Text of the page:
Farage himself arrived at six o’clock. He climbed on board the Site Seeker Whitstable Boat Trips vessel in the harbour. When he passed through the harbour entrance there were people on the jetty jeering.

People on the jetty

What is it about this man? Up until this point the gathering had been mainly peaceful, but it was as if his presence galvanised the crowd, which became instantly divided into separate camps.

What is it about this man?

Fights started to break out, with people from both sides attempting to grab the others’ flags. I saw one Remainer woman being punched in the face, while one of the smaller boats edged close to the shore and sprayed the Remainers with sea water. I have a photo if anyone wants to make a complaint. Technically this was an assault.

Fights started to break out

Farage’s belated attempt to hi-jack the fishing industry’s concerns is belied by his voting record in the EU. Official records show that over the three years while he was a member of the European Parliament Fisheries Committee, he turned up for just one of 42 meetings.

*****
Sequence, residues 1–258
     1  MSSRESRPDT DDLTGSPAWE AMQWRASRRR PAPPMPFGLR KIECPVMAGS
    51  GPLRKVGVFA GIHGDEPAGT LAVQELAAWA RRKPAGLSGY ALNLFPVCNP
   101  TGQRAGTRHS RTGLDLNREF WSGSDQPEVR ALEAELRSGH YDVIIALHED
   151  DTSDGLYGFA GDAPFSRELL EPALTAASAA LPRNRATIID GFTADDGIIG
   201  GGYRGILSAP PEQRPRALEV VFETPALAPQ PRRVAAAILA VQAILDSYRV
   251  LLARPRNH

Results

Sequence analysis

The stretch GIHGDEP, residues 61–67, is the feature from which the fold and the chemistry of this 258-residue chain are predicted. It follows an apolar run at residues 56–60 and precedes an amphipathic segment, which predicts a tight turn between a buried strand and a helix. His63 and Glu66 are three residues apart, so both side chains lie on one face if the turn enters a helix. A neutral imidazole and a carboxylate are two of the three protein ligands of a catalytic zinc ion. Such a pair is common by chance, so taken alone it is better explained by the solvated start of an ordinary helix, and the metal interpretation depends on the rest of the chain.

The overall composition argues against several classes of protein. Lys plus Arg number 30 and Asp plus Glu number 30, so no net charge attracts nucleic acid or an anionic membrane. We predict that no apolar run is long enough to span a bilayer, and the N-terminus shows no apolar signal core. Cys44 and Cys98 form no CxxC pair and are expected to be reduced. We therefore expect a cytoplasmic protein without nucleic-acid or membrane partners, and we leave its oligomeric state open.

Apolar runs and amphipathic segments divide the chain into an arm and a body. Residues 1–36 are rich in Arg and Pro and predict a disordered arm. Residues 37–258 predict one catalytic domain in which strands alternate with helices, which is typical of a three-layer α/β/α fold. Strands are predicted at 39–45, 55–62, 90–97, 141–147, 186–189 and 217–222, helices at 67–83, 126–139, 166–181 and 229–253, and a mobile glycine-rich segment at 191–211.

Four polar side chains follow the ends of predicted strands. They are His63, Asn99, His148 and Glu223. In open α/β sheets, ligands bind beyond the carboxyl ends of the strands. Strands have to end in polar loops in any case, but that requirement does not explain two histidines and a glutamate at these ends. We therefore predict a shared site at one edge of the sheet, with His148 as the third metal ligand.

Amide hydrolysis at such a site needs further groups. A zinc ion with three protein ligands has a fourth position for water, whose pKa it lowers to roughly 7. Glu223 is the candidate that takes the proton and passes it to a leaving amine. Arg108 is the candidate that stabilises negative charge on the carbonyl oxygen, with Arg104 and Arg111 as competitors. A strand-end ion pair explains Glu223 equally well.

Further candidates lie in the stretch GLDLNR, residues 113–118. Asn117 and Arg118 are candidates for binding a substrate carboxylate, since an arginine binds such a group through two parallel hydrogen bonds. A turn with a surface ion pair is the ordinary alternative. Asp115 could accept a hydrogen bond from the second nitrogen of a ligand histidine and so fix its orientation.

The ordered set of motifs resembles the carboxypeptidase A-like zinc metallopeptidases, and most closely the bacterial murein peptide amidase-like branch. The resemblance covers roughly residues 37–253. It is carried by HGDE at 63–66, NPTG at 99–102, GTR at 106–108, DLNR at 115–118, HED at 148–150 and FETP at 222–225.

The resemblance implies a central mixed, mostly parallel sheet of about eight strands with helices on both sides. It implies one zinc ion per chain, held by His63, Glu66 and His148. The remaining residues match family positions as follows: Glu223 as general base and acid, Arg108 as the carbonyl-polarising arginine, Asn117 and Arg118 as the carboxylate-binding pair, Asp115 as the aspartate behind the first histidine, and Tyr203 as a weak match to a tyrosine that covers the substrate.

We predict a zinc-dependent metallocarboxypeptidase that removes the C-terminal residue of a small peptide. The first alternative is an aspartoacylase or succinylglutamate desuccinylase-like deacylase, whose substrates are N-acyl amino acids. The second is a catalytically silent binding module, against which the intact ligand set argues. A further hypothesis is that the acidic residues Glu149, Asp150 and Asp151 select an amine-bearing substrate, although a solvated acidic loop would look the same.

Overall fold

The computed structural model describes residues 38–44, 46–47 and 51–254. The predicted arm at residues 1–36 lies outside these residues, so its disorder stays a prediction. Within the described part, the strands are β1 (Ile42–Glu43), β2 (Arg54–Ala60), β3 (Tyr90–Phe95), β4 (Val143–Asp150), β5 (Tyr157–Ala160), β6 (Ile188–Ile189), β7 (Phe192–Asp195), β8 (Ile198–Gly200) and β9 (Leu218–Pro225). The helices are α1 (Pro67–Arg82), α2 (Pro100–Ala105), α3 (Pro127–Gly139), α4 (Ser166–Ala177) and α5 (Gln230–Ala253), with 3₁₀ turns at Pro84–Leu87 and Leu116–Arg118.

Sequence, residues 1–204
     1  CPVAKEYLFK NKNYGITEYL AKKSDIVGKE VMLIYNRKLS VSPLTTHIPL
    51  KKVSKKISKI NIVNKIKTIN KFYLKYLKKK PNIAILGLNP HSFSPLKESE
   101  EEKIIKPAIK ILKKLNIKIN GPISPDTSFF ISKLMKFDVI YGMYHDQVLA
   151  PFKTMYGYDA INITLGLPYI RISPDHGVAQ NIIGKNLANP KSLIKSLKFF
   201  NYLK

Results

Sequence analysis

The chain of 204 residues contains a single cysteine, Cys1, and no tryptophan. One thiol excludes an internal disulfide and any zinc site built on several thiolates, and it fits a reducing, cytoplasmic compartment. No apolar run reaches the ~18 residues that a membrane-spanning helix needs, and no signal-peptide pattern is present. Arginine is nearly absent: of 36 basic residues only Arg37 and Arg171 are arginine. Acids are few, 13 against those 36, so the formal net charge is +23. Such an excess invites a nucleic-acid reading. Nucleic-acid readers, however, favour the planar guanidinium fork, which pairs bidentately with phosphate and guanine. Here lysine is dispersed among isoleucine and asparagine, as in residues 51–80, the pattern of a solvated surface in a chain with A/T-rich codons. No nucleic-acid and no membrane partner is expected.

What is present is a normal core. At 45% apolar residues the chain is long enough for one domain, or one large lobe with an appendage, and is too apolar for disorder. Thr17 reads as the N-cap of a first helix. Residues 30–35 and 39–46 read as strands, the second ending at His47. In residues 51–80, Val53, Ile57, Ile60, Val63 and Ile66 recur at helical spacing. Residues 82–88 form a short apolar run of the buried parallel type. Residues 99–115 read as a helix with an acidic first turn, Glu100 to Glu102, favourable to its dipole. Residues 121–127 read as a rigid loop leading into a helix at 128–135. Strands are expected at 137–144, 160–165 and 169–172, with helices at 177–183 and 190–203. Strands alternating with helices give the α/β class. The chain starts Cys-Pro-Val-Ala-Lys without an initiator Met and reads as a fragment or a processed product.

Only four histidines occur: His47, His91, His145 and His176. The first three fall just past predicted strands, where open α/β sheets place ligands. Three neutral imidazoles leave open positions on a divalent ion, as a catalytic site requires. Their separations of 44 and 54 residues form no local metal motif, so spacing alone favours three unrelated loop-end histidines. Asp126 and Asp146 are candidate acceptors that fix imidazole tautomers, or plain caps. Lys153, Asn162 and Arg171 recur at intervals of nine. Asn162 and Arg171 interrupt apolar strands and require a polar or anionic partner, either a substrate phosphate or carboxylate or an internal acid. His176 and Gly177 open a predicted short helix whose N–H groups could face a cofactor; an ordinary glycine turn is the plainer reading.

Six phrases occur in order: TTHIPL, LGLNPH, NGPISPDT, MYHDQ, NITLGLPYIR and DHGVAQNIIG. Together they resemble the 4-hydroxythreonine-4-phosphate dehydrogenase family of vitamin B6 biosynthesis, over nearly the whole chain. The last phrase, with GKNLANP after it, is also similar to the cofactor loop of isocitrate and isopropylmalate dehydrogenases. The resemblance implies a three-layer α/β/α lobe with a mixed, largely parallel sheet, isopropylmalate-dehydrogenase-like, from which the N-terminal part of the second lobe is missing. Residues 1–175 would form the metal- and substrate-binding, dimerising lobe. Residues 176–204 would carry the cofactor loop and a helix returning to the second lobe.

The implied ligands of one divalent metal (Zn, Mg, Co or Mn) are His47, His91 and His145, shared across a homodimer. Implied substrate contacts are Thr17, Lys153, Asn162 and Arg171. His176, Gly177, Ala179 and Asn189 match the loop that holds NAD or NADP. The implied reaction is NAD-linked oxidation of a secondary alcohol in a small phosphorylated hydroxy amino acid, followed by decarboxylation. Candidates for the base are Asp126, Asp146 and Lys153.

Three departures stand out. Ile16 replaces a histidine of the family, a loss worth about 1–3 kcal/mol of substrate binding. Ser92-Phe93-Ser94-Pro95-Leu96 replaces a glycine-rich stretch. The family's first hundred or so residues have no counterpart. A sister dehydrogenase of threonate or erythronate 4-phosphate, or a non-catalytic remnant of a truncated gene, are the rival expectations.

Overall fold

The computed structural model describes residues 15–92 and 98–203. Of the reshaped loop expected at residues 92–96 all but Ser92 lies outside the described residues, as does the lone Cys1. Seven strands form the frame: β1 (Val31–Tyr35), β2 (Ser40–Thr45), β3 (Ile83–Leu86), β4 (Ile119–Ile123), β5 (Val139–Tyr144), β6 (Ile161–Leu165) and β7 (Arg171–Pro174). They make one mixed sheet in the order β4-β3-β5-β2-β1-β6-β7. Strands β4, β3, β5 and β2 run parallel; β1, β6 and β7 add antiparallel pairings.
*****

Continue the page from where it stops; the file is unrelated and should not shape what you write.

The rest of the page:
Greenpeace states that “during three major votes to fix the flaws of the Common Fisheries Policy, Farage failed to vote in favour of improving the legislation.”

The irony of all this is that it isn’t only the EU that is at the bottom of the Whitstable fishermen’s woes. According to Greenpeace, fish quota allocation favours large over small vessels, with just three large fishing firms controlling nearly two-thirds of England’s fish quota.

“The distribution of fishing rights within the UK’s fleet is entirely the responsibility of the UK’s fisheries minister,” they say.

Quite how a public-school educated ex-commodity trader came to pose as the fishermen’s friend is another matter.


All photographs by Gerry Atkinson:

From The Whitstable Gazette 12/04/18

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Whitstable History: the Post Office inside St Peter’s Church, Sydenham Street, Whitstable

A fond farewell as post office saga goes full circle

As one Facebook post put it: it’s the end of an era.